Hillier did not suggest, incidentally, that he thought the bag was a gift and, in any case, he intended to give it back at a later date

ON SATURDAY

One piece of football news was buried this week under the pile of old baggage which surrounded Terry Venables' decision to hang up his England tracksuit. David Hillier, the Arsenal midfield player, admitted in court that he had stolen a briefcase belonging to a Danish businessman.

It seems that on their return from a holiday, Hillier, along with Wayne Burnett of Bolton Wanderers, spotted the case apparently abandoned in a bus stop at Gatwick Airport and decided to liberate it. In fact, its owner had merely left it there while he went to retrieve his car.

The case contained pounds 3,000-worth of clothes and computer equipment, which might be considered a disappointingly small haul compared to the amounts other former Arsenal employees have found in bags left lying around by Scandinavian businessmen. Hillier did not suggest, incidentally, that he thought the bag was a gift and that, in any case, he intended to give it back at a later date.

Instead, the player threw himself at the magistrate's mercy, saying that he was distraught at his stupidity and that his form had dipped to such a degree since the incident, what with all the guilt and worrying, that he was now on the transfer list. The magistrate accepted his plea, although a closer observer of the game would have pointed out that it wasn't necessarily the crime: anybody's form would suffer if they were obliged to share the midfield with John Jensen and Martin Keown.

And a more astute legal process might have asked questions about the Arsenal youth system which helped develop Hillier's talent. He is a graduate of an operation which also produced Ray "Pizza" Parlour, who got into trouble in Hong Kong after a Dennis Wise-style altercation with a taxi driver. There is also Paul Merson, whose all-round personal problems led to a near-breakdown and Kevin Dennis, who never made it into the first team, not so much because he wasn't talented but because in September 1993 he was sentenced to 30 months for manslaughter.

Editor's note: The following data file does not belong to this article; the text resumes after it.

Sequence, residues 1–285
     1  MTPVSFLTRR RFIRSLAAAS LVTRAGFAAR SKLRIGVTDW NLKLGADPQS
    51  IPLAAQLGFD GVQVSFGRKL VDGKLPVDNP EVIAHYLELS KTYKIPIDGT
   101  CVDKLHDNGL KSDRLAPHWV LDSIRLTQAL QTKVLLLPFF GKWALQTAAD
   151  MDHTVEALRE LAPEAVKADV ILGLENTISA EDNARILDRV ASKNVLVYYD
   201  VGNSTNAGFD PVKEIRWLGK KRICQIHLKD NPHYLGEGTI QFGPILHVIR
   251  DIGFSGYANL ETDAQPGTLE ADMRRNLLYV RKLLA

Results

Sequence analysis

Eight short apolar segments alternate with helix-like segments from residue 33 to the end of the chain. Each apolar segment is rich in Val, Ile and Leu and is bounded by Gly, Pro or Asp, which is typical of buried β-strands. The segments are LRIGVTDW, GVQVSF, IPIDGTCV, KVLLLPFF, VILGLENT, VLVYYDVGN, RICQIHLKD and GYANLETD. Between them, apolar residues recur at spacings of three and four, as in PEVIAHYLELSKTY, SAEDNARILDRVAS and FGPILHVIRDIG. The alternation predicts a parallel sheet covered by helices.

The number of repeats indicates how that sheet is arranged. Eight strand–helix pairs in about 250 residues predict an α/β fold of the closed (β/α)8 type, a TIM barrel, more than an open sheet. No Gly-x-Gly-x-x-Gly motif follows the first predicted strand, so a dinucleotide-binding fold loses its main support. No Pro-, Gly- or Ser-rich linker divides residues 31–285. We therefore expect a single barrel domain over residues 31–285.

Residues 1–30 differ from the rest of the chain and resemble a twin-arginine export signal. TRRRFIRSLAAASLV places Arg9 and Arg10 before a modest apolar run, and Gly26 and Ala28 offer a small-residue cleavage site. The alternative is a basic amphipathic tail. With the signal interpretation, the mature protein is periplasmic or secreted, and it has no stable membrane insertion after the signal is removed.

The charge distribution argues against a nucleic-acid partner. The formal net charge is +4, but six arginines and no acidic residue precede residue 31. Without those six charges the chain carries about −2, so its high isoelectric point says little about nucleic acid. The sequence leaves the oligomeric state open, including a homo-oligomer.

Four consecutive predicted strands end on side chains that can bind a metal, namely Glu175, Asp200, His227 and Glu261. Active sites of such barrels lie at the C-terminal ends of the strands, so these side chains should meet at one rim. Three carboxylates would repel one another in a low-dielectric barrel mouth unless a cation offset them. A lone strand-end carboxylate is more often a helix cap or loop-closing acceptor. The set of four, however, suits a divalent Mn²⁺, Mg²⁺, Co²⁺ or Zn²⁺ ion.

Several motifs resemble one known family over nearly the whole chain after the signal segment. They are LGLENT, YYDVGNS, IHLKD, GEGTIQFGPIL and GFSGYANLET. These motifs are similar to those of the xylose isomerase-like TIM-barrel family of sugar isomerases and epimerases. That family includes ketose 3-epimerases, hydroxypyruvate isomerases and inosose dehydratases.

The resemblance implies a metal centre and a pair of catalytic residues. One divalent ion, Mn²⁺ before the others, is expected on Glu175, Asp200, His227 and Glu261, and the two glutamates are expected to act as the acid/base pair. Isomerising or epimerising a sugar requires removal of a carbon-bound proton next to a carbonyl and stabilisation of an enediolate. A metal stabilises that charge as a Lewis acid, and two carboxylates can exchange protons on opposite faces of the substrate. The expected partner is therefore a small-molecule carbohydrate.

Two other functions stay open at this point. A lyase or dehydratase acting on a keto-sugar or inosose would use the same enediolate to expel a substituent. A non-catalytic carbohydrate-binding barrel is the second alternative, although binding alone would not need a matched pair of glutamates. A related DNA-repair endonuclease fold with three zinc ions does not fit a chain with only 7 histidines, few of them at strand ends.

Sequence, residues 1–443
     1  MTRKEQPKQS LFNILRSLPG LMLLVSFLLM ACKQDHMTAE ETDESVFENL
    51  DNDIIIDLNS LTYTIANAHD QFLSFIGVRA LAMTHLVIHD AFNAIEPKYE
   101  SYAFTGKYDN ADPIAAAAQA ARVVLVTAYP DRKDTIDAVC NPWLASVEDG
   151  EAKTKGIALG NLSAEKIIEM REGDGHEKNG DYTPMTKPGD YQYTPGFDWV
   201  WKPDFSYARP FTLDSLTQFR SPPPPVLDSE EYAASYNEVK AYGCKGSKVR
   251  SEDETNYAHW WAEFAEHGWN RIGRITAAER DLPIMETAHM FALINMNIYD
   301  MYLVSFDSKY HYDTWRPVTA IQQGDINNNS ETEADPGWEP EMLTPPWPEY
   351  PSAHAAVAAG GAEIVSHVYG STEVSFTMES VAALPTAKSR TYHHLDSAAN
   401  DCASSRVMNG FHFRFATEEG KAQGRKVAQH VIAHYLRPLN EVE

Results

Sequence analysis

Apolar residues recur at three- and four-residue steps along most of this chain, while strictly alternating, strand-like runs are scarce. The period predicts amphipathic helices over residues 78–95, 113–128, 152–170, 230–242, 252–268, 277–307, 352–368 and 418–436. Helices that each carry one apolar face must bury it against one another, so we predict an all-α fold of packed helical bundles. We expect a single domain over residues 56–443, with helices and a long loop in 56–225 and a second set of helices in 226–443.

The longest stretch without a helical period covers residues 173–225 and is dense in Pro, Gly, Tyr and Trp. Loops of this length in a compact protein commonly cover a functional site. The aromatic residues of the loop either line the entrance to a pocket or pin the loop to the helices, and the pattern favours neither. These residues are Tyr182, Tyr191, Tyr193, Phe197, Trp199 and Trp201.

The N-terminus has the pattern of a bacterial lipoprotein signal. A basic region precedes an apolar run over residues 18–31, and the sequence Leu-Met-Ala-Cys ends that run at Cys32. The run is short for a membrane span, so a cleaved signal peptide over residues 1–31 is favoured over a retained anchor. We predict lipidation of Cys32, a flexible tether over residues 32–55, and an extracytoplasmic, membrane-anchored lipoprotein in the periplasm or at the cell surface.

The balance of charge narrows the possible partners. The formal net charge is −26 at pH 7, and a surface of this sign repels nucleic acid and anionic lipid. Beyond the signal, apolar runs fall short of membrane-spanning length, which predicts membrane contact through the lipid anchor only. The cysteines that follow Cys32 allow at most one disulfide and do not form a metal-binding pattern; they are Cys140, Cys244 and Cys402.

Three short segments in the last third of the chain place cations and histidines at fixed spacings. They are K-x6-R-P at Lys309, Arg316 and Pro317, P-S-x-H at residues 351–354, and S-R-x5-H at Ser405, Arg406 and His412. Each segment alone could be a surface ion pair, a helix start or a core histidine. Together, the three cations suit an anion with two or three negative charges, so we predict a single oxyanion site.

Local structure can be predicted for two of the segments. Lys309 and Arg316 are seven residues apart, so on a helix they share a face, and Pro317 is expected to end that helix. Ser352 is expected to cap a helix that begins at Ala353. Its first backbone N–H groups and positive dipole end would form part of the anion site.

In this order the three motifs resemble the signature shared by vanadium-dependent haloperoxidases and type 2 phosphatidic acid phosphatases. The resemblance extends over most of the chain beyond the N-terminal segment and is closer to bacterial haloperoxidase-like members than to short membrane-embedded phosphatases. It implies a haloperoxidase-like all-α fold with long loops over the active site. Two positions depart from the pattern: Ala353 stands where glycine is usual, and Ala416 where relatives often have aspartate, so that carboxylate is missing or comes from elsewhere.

At Dennis's initial hearing, the north London club, showing admirable loyalty to an employee, asked the magistrate if the case could be brought forward as they had a car waiting outside to take the player down to a reserve match. And we must not forget the Arsenal youth system's most decorated old boy, Tony Adams, who served 56 days of a four-month sentence for drink- driving in December 1990. An intriguing roll-call.

Luckily for Hillier, the magistrate decided not to delve too closely and simply to fine him pounds 750. Thus the player missed the chance to join football's most exclusive squad: those who have served time. Bring them together, and the British Lags XI would make quite a handy team.

The spine would have been constructed from the Sheffield Wednesday trio, Peter Swan, Tony Kay and David "Bronco" Layne, jailed for four months in 1965 for match- rigging. They might be getting on a bit now, but once would have been handy for helping the lads secure a result.

Alongside them would be yet another product of the marble halls of Highbury, Peter Storey, a Double winner with the Gunners and a double time-server too: he was given two years in 1980 for plotting to counterfeit gold half- sovereigns and then 28 days in 1990 for smuggling pornographic videos.

Ricky Otto of Birmingham (three years for robbery in 1987) and Jamie Lawrence of Doncaster (26 months for robbery in 1992) might have been useful additions to the team when it required some kit in a hurry, and endless injections of enthusiasm could be provided by Mickey Thomas, the evergreen Wrexham winger who was given 18 months in 1993 for passing forged banknotes (although it might be advisable to check his match fee carefully before accepting it).

You wouldn't let any of the rest of the squad anywhere near the wheel of the team bus without sniffing the air first: George Best (1984), Mick Quinn (1987), Jan Molby (1988), skipper Tony Adams (1990) and Terry Fenwick (1991) were all sent down for offences involving driving while over-refreshed. Or, indeed, to let the team's latest cap, Duncan Ferguson, anywhere near the opposition.

Hillier, although he would have made a fine contribution in a selfless fetching and carrying role, probably won't be losing much sleep about not being picked for the side. A pounds 750 fine, public humiliation and a criminal record might be regarded as serious enough recompense for his moment of stupidity, but things could have been much worse.

Judging by the way in which the leading contenders are running away from it as if from a man possessed by a terminal case of halitosis, if the magistrate had really wanted to punish the player he would have given him the sentence everyone in football fears: the job of England manager.

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